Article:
That’s how Crystal has approached almost all of her savings goals; a little bit at a time while keeping her other spending expenses low.

And the rest of the book looks at many different ways to do just that—keeping your spending under control and finding smart ways to trim your budget—with ideas such as using a cash-only system to trimming your grocery budget (with and without using coupons, which you know I'm in support of!!) to a whole slew of other ideas to learn how to take control of your money, rather than let your money have control over you. Some of the ideas are familiar ones but then others are smart, out-of-the-box ones that I would never have thought of!

From reading her blog and now her new book, I can see how well these practical ideas have paid off for her and am encouraged to apply many of them to our own finances, as well!

You can find The Money Saving Mom’s Budget on Amazon and read Crystal’s blog at Money Saving Mom. (Plus when you purchase her book, she's giving away all the proceeds! How cool is that? You can read more about that here.)

Related Posts
Being Intentional about Saving Money
3 Easy Ways We've Learned to Stretch Our Finances (No Coupons Necessary)


  1. Thank you so much for sharing this book! I am very excited to get my own copy, as I have some financial goals I would like to set, and need some guidance. Hope you are enjoying your new home!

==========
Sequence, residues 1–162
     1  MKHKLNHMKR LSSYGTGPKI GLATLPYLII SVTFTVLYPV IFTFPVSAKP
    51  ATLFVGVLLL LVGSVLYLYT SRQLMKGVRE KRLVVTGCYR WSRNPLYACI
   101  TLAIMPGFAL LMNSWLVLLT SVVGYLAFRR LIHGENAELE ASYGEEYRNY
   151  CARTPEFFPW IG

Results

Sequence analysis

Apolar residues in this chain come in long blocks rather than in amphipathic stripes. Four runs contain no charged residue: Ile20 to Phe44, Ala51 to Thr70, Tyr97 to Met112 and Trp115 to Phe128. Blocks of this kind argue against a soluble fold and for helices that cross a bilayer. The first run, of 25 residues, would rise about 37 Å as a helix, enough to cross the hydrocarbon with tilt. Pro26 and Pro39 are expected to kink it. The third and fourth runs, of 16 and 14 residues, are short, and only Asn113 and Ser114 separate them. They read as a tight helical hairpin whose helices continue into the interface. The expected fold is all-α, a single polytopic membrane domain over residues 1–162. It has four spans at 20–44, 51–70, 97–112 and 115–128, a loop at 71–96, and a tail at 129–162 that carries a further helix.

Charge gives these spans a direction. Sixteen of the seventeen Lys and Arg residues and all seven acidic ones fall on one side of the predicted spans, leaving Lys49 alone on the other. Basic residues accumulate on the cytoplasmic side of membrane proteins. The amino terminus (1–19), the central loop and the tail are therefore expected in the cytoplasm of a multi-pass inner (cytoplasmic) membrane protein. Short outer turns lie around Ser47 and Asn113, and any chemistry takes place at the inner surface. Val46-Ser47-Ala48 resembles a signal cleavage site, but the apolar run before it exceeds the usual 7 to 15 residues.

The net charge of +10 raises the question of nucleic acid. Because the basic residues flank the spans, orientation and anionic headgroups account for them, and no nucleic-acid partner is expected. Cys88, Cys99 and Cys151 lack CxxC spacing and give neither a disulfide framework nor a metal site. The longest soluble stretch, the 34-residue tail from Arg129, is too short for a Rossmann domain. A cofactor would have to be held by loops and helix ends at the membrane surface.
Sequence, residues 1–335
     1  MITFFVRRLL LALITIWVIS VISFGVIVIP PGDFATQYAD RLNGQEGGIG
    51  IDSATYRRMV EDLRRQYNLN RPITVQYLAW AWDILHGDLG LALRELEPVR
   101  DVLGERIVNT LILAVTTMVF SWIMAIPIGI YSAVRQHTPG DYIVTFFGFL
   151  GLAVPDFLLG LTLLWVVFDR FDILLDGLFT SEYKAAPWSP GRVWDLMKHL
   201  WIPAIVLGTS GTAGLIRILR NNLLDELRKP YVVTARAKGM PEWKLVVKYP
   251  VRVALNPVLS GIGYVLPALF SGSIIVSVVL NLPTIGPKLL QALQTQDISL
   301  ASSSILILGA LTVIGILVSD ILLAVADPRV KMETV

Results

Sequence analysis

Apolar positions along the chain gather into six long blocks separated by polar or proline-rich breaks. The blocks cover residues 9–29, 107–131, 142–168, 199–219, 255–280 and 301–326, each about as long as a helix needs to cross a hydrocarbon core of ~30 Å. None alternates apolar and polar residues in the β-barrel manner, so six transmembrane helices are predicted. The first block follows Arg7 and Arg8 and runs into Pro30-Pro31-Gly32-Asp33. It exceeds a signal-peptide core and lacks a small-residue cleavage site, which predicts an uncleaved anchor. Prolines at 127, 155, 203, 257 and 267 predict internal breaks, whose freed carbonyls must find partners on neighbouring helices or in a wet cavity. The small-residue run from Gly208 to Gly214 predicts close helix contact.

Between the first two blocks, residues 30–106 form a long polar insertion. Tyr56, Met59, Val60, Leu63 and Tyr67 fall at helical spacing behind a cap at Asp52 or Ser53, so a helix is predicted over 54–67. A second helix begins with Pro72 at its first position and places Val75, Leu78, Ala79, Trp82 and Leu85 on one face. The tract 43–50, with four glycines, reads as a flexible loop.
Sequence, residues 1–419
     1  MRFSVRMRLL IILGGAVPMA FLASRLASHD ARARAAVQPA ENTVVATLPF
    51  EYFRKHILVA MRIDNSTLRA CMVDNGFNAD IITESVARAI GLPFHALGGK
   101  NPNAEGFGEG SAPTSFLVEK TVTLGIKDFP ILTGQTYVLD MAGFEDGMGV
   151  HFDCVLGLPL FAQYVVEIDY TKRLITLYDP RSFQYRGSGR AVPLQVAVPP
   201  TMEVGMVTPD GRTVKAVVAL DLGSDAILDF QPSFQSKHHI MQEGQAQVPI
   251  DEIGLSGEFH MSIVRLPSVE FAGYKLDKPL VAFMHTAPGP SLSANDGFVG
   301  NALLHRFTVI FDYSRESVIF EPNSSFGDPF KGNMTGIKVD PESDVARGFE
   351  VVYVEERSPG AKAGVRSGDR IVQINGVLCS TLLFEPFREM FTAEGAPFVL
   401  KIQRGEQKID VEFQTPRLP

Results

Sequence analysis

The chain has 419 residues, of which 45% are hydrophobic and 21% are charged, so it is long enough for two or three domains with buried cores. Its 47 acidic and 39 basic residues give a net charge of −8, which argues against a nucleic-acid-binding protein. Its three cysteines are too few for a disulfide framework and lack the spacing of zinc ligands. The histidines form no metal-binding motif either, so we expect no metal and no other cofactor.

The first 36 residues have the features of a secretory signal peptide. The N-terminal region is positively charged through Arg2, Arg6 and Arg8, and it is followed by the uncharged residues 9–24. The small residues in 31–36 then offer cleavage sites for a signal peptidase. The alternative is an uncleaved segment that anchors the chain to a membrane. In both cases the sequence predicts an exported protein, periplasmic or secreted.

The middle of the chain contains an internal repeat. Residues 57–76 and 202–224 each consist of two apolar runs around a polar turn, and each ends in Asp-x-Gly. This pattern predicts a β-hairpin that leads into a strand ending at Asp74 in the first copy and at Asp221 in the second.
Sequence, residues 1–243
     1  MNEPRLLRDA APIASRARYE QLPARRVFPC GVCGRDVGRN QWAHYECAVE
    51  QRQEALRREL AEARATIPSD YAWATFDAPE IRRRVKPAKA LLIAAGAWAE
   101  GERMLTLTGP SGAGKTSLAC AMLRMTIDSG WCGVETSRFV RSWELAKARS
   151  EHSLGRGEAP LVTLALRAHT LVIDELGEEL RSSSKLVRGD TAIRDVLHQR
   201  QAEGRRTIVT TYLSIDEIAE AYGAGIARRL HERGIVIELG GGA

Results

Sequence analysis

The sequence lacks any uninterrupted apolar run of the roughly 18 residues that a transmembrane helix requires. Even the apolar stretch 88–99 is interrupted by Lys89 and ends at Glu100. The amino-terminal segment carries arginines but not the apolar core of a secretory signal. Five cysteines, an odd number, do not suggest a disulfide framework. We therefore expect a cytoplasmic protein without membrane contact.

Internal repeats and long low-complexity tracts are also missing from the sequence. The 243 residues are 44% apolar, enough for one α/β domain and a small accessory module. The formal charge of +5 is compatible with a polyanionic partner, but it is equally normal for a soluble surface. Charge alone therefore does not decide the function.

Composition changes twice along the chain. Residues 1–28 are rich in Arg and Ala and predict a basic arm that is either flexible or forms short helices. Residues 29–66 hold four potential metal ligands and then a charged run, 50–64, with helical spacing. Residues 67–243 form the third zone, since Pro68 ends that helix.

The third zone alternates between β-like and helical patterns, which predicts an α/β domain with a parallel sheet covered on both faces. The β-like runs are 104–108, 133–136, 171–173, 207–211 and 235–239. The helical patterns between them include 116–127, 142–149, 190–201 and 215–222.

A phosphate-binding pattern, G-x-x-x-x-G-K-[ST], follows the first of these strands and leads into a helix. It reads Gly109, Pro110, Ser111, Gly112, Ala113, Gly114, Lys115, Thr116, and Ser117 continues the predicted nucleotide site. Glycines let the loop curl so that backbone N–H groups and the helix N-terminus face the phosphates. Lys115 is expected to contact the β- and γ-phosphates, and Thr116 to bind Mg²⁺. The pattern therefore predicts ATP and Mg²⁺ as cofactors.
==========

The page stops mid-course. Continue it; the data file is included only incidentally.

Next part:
2. I have also been following Money Saving Mom for a while now. She has some really good advice and tricks for saving.

    I loved reading about how they remained debt free, even through school and buying their house. I really wish I had found her blog earlier in my life.

    Also, it amazes me that she has found a way to raise her kids on a budget. I'd love to be a mom someday; knowing that it can be done and done well in an unstable economy is encouraging.

  3. Thanks for sharing this book. I can't wait to order it (gotta put it in the budget first) and start gleaning from her wisdom.

  4. So glad to share the info about this book with you!

    Patti, thank you so much for the well wishes! The house is ever-so-slowly coming together. Can't wait to share more :)

    Jackie, I agree that it's so refreshing and encouraging to hear how she's managed to raise a household on such a tight budget--and be happy with it!

    Urban Wife, ha, your comment made me smile: budgeting for a budgeting book! So fitting! :) I think you would make Crystal proud!

  5. Hmm... may be something for me to look in to! I'm trying out a new budget for this year. More tips are always welcome! :)

  6. It's tough sometimes, but I try to do a monthly budget, as each one brings unique expenses. Insert Dave Ramsey quote here. :)

  7. This sounds like a great book. I will have to check out her book and website too. I too find it really inspiring when people find ways to pay for things like house and large repairs on a small monthly budget. I like your idea of saving up for both items every month. We need to fix our roof soon as well as chimney. Both are expensive. Thanks for the tip and good luck on your goals!